There are few things in this life that give me more joy and more pleasure than seeing a truly great performance. I have gone on and on about this topic for the majority of my life. Rather than yet again sharing my thoughts on acting and performance, I decided to cull my top ten favorite quotes on this art from those who do it best: the performers and their directors, many of whom appear on our lists in some form or another. Whether riffing on what it takes to deliver the goods, or whom they think delivers the goods, the following people have been amongst my greatest teachers, and not just because many of them tend to bring up Gena Rowlands. Interviewing (and in some cases working with) these incredible artists, and gaining some insight into their processes and what inspires them, has forever changed the way I look at acting and what is required of someone to give a truly impeccable performance for film. Yes, we are beginning the list with a list. Read the full introduction.
(Joseph Losey, 1968)
The premiere screen interpreter of Tennessee Williams was Elizabeth Taylor. Her most famous Williams role was Maggie the Cat in Cat on a Hot Tin Roof. This is iconic, sex-symbol Taylor, one of her silk-slip roles—the other being Butterfield 8. Her Maggie is fantastic, but followed by another, more interesting Williams role: Catherine Holly in Joseph L. Mankiewicz’s Suddenly Last Summer. Here, Taylor takes us to greater extremes: there’s the glamorous panic of her face, shot by Mankiewicz in monochrome and extreme close-up, and the insistent, inimitable shrillness of her voice—highly artificial, and ideal for a Williams heroine.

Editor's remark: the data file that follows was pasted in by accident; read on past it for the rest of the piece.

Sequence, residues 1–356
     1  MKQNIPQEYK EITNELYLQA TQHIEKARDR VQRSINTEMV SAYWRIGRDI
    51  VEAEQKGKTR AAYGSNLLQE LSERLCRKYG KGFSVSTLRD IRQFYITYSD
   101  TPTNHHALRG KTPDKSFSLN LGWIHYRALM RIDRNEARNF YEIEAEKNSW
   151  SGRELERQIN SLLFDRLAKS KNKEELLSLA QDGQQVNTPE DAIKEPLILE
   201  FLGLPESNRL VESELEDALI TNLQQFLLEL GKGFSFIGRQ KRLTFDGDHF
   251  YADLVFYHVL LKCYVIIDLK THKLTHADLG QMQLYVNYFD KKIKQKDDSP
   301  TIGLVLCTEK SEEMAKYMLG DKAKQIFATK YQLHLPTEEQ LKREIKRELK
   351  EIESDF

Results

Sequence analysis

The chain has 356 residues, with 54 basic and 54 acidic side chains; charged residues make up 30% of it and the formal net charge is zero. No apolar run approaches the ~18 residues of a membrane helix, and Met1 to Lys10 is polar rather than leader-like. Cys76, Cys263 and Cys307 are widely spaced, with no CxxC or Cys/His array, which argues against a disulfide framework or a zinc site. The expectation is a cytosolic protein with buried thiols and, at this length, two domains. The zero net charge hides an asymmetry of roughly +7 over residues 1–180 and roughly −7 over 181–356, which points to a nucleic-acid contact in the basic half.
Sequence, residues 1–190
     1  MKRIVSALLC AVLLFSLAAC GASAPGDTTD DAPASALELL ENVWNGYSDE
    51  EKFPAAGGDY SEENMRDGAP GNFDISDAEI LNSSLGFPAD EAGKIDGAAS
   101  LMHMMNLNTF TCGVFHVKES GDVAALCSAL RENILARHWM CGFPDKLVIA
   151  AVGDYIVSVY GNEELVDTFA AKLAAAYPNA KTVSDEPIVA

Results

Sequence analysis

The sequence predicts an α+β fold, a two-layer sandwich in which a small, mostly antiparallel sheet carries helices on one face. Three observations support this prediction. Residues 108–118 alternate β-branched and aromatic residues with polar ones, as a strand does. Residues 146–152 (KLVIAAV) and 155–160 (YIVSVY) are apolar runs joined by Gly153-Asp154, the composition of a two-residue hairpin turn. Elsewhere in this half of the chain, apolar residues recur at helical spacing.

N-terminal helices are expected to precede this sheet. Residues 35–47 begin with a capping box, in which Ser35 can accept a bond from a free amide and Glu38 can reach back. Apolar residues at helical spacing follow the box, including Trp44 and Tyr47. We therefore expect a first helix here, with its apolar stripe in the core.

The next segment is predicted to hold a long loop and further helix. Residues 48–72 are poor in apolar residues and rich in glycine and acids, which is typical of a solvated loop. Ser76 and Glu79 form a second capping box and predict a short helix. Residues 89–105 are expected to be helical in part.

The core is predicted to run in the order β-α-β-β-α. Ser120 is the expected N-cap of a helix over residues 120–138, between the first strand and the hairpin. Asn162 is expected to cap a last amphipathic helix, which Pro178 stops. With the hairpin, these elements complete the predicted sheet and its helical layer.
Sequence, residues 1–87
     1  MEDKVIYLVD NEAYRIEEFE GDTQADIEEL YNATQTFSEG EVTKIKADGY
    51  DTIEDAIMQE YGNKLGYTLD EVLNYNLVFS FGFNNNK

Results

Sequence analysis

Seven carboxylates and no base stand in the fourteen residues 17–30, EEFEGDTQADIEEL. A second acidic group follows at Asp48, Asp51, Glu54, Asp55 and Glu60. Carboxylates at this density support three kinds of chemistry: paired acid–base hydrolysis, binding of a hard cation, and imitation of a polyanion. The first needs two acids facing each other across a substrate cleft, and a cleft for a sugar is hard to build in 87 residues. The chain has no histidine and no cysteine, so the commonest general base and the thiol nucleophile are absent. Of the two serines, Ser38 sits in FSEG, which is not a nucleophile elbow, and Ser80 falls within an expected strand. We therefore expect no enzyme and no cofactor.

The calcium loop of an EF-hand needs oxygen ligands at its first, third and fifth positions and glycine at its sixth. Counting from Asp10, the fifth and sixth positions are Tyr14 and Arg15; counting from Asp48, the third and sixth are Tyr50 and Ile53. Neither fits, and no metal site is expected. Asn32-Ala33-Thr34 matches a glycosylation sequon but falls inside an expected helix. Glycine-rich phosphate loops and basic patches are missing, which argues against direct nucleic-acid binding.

Then, almost ten years later, comes Boom! The film is now known, if at all, as notorious. John Waters calls it “the best failed art movie ever”. It’s cult; it’s camp; it’s kitsch. It’s the supposed career nadir of all of its collaborators: director Joseph Losey, who had strayed from the Pinter-isms of his acclaimed period; Williams, on whose bomb of a play, The Milk Train Doesn’t Stop Here Anymore, it’s based; Taylor and legendary paramour Richard Burton, both wading, at the time, in tabloid infamy and post-Cleopatra decadence; and Noël Coward, who had become a parody of himself.
For all these reasons and more, Boom! is a masterpiece. It is, above all, Taylor’s film, representing, more so than Who’s Afraid of Virginia Woolf?, everything she did and was to become as one of the 20th century’s greatest stars: supreme waste and blowsiness; flagrant and often brilliant disrespect for the craft of acting; utter, unrepentant inebriation; bitchy charisma; and fleshy neoclassicism. Oh yes, and cutting, cussing humor. Boom! is, by design, and like its star, funny as hell.
Taylor’s role in Boom! is Sissy Goforth, a dying dowager on a Mediterranean island who is visited by Burton’s vulturous Angelo Del Morte. That’s it, really, yet it is so much. As with Taylor’s final Williams performance, in Nicolas Roeg’s underrated TV-movie version of Sweet Bird of Youth, the role consists of florid, tragicomic monologues. The subject is mortality, and immortality—the aesthetics of grandeur. They are words only a star, not merely an actress, could understand and deliver. And they are words that Taylor, singularly and from birth, lived to the hilt. David Balzer
The Ghost and Mrs. Muir
(Joseph L. Mankiewicz, 1947)
The Ghost and Mrs. Muir